Resident Physician NYP Columbia Morgan Stanley Children's Hospital of New York Columbia University Irving Medical Center New York, New York, United States
Background: Respiratory complications are the leading causes of morbidity and mortality in sickle cell disease (SCD). The mechanisms of pulmonary disease in patients with SCD have not been completely characterized and underlying allergic and non-allergic inflammation may be involved.
Objective: The objective of our study was to characterize the inflammatory pathways involved in patients with pulmonary manifestations of SCD.
Design/Methods: We studied a cohort of 60 patients with SCD (age 3-18 years, 28 males) from a previously conducted 2-year clinical trial of monthly oral doses of vitamin D3 [high (100,000 IU/month) and low doses (12,000 IU/month)] to prevent respiratory complications, including respiratory infections, asthma exacerbations and acute chest syndrome (ACS). Both groups had reduced respiratory events at 2 years with no difference between groups. Inflammatory cytokines, including those associated with T-helper 1/T-helper 17 inflammation (IFN-γ, TNF, IL-2, IL-8, IL-17, IP-10), T-helper 2 inflammation (IL-4, IL-5, IL-9, IL-13), and monocyte activation (MCP-1, and IL-6) were assayed from stored serum samples by Luminex technology. Prospectively collected pulmonary function tests (PFT) and clinical information were abstracted by retrospective chart review. Statistical analysis was done on SAS software using Wilcoxon signed rank test, Spearman’s correlation tests, and multivariable linear regression analysis.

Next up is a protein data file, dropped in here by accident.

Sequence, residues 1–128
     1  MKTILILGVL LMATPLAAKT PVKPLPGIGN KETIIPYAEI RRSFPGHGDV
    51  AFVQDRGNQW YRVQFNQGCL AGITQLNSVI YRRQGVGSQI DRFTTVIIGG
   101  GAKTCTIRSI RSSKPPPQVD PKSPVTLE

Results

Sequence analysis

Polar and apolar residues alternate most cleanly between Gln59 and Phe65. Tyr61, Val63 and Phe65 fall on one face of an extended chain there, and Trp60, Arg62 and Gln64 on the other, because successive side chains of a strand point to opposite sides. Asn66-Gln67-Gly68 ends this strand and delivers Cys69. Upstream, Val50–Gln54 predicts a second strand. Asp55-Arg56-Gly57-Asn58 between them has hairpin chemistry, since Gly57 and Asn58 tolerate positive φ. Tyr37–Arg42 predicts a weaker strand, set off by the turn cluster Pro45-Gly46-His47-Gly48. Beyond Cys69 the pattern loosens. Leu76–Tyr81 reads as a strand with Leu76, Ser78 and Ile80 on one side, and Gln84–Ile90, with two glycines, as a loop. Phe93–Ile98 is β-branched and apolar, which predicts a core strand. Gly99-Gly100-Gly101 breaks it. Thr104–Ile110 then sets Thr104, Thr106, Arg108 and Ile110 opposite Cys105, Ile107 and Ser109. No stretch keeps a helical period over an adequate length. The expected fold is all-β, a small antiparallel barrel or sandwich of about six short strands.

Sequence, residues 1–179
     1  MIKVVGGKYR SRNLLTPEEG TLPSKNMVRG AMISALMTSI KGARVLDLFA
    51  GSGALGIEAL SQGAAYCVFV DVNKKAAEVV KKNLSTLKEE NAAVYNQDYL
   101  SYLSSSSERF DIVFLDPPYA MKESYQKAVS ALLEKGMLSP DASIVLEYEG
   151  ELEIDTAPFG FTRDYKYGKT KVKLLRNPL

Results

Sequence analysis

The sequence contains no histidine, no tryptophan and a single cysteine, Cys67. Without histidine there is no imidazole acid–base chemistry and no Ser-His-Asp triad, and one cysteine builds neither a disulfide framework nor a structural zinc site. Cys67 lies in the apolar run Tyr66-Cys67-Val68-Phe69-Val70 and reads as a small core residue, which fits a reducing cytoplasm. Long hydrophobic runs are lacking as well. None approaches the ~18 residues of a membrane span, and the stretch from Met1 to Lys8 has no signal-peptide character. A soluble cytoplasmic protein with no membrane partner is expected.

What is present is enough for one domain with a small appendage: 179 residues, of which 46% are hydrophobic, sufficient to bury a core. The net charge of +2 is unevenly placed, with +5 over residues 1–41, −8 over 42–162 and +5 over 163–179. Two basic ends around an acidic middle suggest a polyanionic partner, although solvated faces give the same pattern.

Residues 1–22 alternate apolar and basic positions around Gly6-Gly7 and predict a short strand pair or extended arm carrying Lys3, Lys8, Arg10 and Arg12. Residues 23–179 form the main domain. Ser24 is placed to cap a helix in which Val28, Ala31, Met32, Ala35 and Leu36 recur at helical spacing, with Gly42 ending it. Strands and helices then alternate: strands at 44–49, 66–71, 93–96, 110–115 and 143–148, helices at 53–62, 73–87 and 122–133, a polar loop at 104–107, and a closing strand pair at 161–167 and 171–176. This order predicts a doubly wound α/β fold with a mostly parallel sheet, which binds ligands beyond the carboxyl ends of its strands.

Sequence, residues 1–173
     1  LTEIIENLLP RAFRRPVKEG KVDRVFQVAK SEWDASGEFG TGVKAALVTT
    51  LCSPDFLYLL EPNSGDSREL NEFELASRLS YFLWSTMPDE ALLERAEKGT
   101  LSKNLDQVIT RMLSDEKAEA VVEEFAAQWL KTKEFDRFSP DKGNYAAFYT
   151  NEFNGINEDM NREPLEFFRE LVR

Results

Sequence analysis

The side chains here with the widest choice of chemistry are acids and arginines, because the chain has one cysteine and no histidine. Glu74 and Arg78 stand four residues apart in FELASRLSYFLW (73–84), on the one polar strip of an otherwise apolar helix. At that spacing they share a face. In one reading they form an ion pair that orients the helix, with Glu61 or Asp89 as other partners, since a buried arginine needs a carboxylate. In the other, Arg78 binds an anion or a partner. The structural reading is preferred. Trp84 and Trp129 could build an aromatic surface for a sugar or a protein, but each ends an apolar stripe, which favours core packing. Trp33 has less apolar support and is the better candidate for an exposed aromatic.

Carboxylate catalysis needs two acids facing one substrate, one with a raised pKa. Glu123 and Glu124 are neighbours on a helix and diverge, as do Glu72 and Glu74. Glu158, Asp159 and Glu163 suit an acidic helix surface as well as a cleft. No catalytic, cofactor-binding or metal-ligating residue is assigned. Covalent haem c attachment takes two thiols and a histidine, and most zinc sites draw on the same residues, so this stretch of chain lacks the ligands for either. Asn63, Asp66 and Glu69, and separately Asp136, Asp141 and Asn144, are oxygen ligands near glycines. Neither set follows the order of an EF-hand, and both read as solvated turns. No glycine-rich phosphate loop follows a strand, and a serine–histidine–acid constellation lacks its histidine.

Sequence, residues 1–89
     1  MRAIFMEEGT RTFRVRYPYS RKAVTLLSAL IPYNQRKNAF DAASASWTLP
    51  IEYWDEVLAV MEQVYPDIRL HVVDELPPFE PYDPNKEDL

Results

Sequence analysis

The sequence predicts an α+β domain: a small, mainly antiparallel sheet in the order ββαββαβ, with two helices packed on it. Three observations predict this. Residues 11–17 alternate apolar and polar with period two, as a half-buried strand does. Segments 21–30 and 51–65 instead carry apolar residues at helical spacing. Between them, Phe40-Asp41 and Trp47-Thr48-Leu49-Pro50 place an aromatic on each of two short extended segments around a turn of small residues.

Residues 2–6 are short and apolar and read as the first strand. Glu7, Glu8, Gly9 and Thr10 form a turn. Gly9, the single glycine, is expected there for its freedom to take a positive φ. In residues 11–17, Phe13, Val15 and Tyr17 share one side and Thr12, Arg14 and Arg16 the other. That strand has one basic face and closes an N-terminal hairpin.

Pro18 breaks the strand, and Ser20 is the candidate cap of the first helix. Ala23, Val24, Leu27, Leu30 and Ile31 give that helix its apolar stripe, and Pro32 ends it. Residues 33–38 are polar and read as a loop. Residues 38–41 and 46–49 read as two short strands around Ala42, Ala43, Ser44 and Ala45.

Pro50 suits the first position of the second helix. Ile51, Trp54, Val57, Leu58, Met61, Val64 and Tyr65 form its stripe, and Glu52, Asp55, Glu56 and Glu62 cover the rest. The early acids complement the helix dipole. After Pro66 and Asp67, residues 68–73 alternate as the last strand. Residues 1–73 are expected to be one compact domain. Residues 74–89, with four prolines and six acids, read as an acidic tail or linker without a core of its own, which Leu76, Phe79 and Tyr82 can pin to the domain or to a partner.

Results: At baseline, 45 patients (75%) had h/o ACS, 17 (28.3%) had h/o asthma, and 6 (10%) had allergic rhinitis. Forty two (72%) patients were on hydroxyurea. At baseline, 15 (26%) patients had an obstructive lung defect and 18 (43%) had a restrictive defect. Lung functions at 2 years were significantly lower for FEV1, FEV1/FVC, FEF25-75% and for TLC compared to baseline (Table). Spearman’s correlation analysis showed inverse correlations between IL-17A with TLC (r=-0.298, p=0.056) at baseline; and at 2 years, IL9 with FEV1 (r=-0.257, p=0.049) and FVC (r=-0.346, p=0.007) and IL-17A with FVC (r=-0.291, p=0.025). Patients with h/o ACS had borderline elevations of cytokine levels for TNFa (p=0.05), IL5 (p=0.082) and IP-10 (p=0.066). Multivariable linear modeling, adjusting for hydroxyurea showed asthma predicted FEV1 at baseline and at 2 years, FVC at baseline and 2 years while age, sex and history of ACS predicted TLC at baseline. Baseline PFT parameters predicted FEV1, FVC, FEV1/FVC, FEF25-75% and TLC at 2 years. Conclusion(s): Age, h/o asthma and ACS predicted PFTs parameters. Inflammatory cytokines may be playing a role in SCD related lung inflammation.
Pulmonary Function Tests at baseline and 2 years
Authors/Institutions: Sanford Williams, Columbia University Irving Medical Center, New York, New York, United States; Margaret T. Lee, Columbia University Vagelos College of Physicians and Surgeons, New York, New York, United States; Yujing Yao, Columbia University Mailman School of Public Health, New York, New York, United States; Zhezhen Jin, Columbia University Mailman School of Public Health, New York, New York, United States; Gary M. Brittenham, Columbia University Vagelos College of Physicians and Surgeons, New York, New York, United States; Meyer Kattan, Columbia University Vagelos College of Physicians and Surgeons, New York, New York, United States; Aliva De, Columbia University Vagelos College of Physicians and Surgeons, New York, New York, United States